Non-medical personnel are an important element in providing first aid to casualties prior to the arrival of professional medical personnel. Many lives have been saved by the first aid rendered by a shipmate. Standard first aid boxes are distributed throughout a ship to provide easy access to first aid supplies. The number of first aid boxes and their location depends on the ship's mission and the size of her crew. Various dressings, wire splints, tape, Band-Aids, tourniquets, skin pencils, and other first aid supplies are included in these boxes. Each box is secured with a wire or plastic seal that can be easily broken. The seals are used to identify whether the kit has been opened. A broken seal indicates that the first aid box must be inventoried and restocked. The standard first aid box has three compartments. Each compartment should have a plastic bag that is complete with the basic first aid supplies. Take one of these bags with you on your way to the casualty. Failure to take a bag to the scene may result in you having to go back for supplies. The box does not contain needles, syringes, or medications; but does contain the proper supplies needed to render first aid until medical assistance arrives. First aid boxes are for emergency use only! Report all broken seals to medical personnel as soon as possible. It is important that you know the contents and locations of these boxes.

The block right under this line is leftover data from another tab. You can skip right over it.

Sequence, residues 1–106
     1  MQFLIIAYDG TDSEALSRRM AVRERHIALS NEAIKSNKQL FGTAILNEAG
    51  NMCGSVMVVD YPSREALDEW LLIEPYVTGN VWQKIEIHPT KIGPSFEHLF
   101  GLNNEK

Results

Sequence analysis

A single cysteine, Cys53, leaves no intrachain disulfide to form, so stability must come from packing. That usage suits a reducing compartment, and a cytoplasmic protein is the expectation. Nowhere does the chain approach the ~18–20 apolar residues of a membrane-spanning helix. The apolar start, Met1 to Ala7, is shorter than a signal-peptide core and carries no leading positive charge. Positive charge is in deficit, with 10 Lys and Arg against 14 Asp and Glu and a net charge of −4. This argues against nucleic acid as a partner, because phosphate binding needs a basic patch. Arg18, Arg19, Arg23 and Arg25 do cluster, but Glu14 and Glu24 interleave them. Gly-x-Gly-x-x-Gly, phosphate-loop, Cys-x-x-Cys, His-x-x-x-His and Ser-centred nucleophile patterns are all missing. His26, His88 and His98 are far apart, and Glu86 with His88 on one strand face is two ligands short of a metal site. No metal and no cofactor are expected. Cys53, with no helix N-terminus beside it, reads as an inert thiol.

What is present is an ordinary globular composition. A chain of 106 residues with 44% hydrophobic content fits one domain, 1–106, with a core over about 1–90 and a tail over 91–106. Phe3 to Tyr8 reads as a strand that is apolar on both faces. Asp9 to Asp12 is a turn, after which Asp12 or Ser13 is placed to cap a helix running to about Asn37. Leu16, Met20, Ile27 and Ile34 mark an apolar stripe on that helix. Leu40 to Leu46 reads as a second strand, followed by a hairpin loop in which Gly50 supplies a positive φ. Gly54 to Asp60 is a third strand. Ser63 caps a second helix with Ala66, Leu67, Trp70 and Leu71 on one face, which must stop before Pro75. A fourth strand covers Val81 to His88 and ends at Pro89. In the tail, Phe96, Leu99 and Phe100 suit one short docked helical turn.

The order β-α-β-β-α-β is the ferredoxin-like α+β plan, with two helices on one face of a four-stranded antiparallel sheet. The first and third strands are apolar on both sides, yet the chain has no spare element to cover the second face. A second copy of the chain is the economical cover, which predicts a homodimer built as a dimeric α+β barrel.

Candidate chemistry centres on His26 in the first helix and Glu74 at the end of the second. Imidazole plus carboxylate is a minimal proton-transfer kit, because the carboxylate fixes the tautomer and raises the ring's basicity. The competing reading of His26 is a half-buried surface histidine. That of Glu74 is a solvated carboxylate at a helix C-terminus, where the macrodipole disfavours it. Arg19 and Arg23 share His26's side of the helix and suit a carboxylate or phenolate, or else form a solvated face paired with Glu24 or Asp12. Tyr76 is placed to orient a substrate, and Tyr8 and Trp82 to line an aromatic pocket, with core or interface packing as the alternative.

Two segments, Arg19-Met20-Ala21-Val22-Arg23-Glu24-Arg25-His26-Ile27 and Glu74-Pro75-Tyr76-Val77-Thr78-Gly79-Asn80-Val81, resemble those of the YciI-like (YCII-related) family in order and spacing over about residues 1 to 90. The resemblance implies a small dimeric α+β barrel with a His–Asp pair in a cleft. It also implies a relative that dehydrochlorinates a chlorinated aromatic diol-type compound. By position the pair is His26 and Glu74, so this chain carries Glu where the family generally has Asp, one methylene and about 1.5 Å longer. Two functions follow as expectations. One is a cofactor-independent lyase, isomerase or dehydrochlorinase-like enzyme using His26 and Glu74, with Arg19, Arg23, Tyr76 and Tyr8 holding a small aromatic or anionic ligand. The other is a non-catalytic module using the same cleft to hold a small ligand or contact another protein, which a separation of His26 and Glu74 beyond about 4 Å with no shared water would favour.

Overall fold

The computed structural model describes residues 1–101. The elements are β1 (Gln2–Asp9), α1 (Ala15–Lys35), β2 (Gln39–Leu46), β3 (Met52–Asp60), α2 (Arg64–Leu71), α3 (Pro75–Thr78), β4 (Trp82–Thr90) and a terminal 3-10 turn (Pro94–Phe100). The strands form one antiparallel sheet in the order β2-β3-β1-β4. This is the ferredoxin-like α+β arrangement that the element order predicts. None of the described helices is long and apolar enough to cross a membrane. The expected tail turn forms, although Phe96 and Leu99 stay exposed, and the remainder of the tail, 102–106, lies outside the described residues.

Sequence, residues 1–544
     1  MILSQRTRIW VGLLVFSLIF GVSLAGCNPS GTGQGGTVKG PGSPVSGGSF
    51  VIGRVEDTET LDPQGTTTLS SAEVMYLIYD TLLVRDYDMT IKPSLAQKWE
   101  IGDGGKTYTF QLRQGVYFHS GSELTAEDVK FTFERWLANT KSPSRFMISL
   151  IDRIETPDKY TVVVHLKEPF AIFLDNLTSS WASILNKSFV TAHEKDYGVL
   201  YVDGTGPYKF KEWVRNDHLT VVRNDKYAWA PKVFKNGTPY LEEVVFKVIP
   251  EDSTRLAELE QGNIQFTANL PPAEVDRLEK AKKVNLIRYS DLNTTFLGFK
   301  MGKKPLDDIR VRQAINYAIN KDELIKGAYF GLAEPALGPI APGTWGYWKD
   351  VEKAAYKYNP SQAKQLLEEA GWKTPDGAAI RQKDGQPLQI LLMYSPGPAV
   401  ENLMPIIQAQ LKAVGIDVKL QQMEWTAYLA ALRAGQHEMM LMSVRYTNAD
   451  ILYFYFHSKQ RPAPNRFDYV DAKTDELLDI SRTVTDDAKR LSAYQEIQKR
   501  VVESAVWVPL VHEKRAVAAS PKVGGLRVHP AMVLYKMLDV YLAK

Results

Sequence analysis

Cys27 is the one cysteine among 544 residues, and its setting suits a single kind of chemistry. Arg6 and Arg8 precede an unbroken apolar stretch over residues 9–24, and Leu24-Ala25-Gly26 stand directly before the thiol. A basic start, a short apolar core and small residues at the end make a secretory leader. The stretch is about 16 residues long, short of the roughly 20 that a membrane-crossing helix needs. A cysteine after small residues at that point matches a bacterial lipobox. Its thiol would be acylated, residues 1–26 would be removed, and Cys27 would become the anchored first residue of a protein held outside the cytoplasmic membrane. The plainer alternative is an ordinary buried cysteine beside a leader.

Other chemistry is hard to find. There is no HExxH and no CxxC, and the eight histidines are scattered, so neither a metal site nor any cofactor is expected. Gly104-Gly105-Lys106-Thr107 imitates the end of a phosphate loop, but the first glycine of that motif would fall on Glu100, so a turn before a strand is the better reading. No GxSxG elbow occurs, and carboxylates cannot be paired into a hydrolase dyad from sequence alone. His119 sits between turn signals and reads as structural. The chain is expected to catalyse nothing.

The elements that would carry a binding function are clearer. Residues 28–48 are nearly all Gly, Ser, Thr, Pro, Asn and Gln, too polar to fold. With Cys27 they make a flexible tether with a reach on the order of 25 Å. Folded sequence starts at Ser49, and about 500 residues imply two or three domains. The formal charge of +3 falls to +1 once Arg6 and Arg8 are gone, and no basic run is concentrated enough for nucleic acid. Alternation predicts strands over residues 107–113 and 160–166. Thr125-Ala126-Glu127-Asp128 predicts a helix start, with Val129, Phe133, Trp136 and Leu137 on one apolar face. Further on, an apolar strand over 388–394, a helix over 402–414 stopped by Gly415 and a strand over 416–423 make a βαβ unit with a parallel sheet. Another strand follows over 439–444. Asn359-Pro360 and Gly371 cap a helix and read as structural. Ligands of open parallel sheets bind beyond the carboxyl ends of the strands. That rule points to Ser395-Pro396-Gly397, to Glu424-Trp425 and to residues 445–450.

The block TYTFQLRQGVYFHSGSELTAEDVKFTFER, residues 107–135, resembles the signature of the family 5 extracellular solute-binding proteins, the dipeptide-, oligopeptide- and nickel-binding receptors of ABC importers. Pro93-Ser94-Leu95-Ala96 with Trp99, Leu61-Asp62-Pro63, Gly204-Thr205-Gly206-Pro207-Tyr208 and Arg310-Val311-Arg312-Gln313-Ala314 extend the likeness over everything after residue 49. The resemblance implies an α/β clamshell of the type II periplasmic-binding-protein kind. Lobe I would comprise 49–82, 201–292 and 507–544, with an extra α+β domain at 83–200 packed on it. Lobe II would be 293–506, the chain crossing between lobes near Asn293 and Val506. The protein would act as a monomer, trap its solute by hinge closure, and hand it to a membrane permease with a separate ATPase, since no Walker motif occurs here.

Dressings

A dressing is a protective covering for a wound and is used to control bleeding and prevent contamination of the wound. A compress is a sterile pad that is placed directly on the wound. A bandage is material used to hold a compress in place. When applying a dressing, ensure that it remains as sterile as possible. The part of the dressing that is placed against the wound must never touch your fingers, clothing, or any un-sterile object. If you drop, a dressing across the casualty's skin or it slips after it is in place, the dressing should not be used.

Battle Dressings